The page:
“Only five apartments had been taken by the night of March 4, 1910,” according to an article by Christopher Gray (New York Times, April 1997). Unfortunately, before more units could be rented, that evening a fire broke out in the building.

“The fire had started in an unoccupied apartment on the ninth floor, and broken through the window; tongues of fire leapfrogged the blaze to the top,” writes Gray. “Despite its luxury, the Alwyn Court was short on fire protection: with no fire escapes and without fire doors, its single narrow stairway served as a perfect chimney flue.”

Perhaps the media attention to the 1910 fire gave Alwyn Court the attention it needed. After the fire damage was repaired, the building became fully occupied and stayed at capacity through the next decade.

But by the mid-1930’s, the cachet of a Seventh Avenue address was waning and in 1937, the building had become entirely vacant. The murmurings of a Second World War didn’t help matters much, either, but in 1938, Edgar Ellinger of the Dry Dock Savings Institution took over the building with plans to revamp, remodel and redistribute space the spaces within. According to Horsely, “they gutted the building and removed the very large cornice and balustrade. The dastardly remodeling…fortunately did not disturb the rest of the facades, although the entrance was moved from the corner, which became retail space and eventually the very lavish quarters of the Petrossian Restaurant. More dramatically, however, the building’s interior was redone and the number of apartments increased to 75.”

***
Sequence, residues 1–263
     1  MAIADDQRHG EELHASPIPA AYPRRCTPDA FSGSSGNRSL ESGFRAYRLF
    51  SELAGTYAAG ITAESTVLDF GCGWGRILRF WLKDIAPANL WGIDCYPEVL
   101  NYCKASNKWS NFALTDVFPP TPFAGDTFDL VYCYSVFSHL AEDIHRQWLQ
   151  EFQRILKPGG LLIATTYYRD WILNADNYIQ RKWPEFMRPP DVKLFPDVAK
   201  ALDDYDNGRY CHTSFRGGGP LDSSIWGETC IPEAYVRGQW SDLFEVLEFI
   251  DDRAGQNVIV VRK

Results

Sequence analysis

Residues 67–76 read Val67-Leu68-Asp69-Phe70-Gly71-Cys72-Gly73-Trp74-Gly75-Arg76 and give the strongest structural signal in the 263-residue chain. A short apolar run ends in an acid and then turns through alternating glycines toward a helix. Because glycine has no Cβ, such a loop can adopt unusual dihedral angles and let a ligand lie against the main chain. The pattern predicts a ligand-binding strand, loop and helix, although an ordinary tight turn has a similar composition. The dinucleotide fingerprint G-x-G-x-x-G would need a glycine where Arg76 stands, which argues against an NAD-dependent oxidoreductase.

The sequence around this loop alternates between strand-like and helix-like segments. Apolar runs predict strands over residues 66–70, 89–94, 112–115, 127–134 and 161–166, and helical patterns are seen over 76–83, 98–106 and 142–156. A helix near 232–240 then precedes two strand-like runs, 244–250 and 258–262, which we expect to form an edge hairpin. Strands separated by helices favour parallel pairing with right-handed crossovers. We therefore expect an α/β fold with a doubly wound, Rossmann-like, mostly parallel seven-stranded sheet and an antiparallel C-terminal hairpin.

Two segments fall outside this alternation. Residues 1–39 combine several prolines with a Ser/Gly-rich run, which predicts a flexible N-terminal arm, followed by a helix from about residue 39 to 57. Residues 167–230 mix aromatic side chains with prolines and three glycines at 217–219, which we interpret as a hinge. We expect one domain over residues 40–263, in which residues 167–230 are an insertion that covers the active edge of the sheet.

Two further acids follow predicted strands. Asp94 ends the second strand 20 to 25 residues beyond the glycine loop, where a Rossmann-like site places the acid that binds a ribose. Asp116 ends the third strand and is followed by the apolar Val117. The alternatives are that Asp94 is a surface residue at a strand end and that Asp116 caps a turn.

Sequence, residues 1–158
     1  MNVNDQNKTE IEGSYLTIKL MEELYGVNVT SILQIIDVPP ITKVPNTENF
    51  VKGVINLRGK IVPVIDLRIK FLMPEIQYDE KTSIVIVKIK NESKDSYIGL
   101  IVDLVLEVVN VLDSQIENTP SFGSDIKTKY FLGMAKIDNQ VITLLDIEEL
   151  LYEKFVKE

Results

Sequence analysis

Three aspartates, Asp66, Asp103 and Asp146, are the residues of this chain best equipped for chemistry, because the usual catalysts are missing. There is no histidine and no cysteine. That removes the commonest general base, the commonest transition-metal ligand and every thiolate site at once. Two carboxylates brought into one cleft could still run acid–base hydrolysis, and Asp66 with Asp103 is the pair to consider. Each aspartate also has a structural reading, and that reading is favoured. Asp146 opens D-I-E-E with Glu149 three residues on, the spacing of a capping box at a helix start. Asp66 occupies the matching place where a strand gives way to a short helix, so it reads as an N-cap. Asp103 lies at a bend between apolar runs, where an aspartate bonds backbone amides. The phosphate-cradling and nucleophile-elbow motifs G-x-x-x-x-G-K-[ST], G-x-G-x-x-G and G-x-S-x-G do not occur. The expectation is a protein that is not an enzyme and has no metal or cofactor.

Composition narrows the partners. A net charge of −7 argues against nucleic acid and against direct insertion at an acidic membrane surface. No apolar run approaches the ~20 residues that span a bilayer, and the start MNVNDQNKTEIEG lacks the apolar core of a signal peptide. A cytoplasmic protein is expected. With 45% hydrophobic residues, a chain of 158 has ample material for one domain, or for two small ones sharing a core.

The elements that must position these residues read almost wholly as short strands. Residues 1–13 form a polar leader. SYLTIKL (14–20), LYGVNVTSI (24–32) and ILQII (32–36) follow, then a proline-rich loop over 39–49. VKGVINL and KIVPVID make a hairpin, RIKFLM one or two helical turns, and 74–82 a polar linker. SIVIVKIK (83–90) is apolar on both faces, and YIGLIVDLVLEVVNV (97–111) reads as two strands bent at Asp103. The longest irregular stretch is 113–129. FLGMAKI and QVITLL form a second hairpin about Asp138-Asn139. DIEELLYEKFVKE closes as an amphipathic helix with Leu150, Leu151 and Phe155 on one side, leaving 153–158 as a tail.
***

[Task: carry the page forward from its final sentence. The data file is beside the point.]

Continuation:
Even with the changes made by Ellinger, The New York Times reported that year that the remodeled building was “the last word in multi-family house luxury.” The units now had 3, 4 or 5 rooms each, since public dining had become en vogue during the war and larger spaces for home entertaining weren’t as popular. Over the next few decades, the Alwyn Court building maintained its tenant numbers and kept its higher-brow reputation through rentals to artists, musicians (Carnegie Hall is only a block away) and other well-known New Yorkers.

According to Gray’s article, it wasn’t until 1980 that the Alwyn Court received any design attention. “The architects Beyer Blinder & Belle supervised a $500,000 façade restoration, cleaning the terra cotta and replacing damaged blocks with cast concrete replicas.” The owners also employed “illusionist” artist Richard Haas to paint a gigantic mural in the courtyard that transformed the interior space into an atrium surrounded by carved stonework. In 1997, the exterior underwent another facelift, this time to restore a portion of the windows and several sections of arches and balconies that were visibly damaged.

Today, the Alwyn Court building enjoys much of the glory originally intended by Russell and Ball, back in the early 1900s. The neighborhood is one of New York City’s most desirable and space in the building isn’t always available.